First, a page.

The Alfa Romeo story begins with Alexandre Darracq, who set up the Societa Anonima Italiana Darracq near Milano in 1906. The company was close to bankruptcy by the end of the decade. The factory was sold to investors and enthusiasts, under the name, Anonima Lombarda Fabbrica Automobili, or A.L.F.A.
Despite notable models in the early 1910s, the company’s finances were still performing poorly. Industrialist Nicola Romeo stepped in after the Great War, with the intention of making a wide range of products. Eventually with other financial problems, Romeo—now selling the cars as Alfa Romeo—concentrated on automotive production. Romeo departed in 1928 amid more financial problems, and the company was fully restructured by 1934. Ugo Gobbato, general manager, grows the company after this period, though production was interrupted by World War II.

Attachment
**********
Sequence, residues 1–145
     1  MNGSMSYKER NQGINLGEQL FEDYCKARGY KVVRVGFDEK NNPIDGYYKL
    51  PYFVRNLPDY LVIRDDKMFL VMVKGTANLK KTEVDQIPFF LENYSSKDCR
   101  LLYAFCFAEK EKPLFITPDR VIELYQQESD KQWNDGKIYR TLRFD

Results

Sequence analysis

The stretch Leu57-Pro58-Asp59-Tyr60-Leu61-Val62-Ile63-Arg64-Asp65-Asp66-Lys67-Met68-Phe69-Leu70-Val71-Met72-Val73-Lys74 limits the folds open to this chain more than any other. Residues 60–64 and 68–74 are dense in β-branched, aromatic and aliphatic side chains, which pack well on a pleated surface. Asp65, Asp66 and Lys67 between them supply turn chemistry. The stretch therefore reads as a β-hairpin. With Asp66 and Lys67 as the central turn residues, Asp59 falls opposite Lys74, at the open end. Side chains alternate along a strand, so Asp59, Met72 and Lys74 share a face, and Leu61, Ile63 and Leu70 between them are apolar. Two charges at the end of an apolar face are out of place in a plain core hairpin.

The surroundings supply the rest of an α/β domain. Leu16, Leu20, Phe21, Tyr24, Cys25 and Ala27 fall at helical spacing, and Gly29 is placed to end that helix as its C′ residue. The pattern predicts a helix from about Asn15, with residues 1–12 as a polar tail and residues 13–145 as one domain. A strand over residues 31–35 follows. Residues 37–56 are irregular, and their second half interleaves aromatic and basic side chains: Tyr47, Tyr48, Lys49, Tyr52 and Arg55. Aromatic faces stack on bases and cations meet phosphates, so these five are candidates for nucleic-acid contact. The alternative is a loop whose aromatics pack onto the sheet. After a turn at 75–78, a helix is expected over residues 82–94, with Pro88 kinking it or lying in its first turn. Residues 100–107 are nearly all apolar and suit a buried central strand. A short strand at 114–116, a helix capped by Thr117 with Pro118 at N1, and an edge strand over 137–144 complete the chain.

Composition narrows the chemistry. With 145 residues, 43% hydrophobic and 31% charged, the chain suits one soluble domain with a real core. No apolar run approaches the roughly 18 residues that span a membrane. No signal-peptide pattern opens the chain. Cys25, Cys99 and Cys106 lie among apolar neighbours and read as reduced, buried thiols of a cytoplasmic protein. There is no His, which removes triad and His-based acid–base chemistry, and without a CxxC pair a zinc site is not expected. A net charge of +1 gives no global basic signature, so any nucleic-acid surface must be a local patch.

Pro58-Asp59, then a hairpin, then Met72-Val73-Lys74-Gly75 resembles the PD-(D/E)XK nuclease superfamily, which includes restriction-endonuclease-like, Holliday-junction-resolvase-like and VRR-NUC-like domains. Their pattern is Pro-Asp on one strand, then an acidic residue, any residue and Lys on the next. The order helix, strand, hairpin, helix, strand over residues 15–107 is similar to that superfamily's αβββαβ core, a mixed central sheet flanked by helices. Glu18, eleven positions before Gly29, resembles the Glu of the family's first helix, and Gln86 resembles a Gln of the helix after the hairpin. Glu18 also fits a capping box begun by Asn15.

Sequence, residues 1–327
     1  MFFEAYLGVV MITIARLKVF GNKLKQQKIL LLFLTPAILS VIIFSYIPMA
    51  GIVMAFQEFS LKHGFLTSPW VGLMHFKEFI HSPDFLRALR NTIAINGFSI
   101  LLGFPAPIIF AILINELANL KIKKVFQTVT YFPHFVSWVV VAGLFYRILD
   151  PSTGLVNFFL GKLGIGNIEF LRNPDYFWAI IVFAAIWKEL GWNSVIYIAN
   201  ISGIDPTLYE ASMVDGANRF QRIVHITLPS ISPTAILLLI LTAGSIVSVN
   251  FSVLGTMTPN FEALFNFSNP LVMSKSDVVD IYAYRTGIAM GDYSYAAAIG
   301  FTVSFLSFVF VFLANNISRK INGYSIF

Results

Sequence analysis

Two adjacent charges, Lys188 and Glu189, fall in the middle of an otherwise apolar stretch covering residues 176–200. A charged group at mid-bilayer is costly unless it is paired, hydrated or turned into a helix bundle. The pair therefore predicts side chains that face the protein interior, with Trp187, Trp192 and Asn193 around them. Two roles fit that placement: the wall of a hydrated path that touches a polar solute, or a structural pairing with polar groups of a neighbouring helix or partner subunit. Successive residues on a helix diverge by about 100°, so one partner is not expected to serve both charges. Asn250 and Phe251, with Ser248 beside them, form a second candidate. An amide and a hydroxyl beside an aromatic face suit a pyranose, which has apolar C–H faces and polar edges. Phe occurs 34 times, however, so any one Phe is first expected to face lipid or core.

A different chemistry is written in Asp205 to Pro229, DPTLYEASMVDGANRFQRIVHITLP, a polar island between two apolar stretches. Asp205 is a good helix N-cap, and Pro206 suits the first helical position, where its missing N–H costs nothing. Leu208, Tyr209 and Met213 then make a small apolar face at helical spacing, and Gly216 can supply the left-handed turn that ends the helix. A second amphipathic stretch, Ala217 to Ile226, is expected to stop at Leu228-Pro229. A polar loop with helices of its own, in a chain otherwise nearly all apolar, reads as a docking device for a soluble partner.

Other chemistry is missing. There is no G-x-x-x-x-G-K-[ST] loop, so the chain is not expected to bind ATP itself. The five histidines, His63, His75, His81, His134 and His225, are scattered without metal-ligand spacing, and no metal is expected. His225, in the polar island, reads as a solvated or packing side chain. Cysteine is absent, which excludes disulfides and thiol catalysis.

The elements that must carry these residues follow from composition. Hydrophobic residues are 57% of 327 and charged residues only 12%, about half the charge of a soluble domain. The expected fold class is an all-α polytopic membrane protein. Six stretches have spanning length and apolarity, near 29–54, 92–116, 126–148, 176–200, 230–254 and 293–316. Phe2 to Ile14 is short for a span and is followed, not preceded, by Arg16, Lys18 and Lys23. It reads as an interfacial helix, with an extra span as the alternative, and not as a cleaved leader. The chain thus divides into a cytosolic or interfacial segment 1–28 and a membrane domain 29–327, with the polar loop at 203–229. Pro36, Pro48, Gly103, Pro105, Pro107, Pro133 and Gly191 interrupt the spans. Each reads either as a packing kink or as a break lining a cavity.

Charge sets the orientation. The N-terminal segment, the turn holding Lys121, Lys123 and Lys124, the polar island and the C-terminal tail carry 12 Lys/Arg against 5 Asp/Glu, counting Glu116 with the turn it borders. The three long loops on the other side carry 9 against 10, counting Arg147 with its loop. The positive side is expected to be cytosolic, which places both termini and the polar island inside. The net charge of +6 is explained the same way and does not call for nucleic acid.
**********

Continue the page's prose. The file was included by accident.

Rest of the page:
The war left its toll on Alfa Romeo, which had to rebuild its factory alongside automobiles. It was not till the 1950s that Alfa Romeo found greater stability and expansion through the 1960s. However, the 1970s’ recession brought the company into trouble again.
The company embarked on an ill-fated alliance with Nissan, which produced the unhappy Arna, and cooperated with Fiat and Saab on a large car, before being sold to Fiat in 1986. Fiat grouped Alfa Romeo with its premium Lancia brand, forming Alfa Lancia SpA, though it took till the mid-1990s before iconic, well styled models reappeared in its range.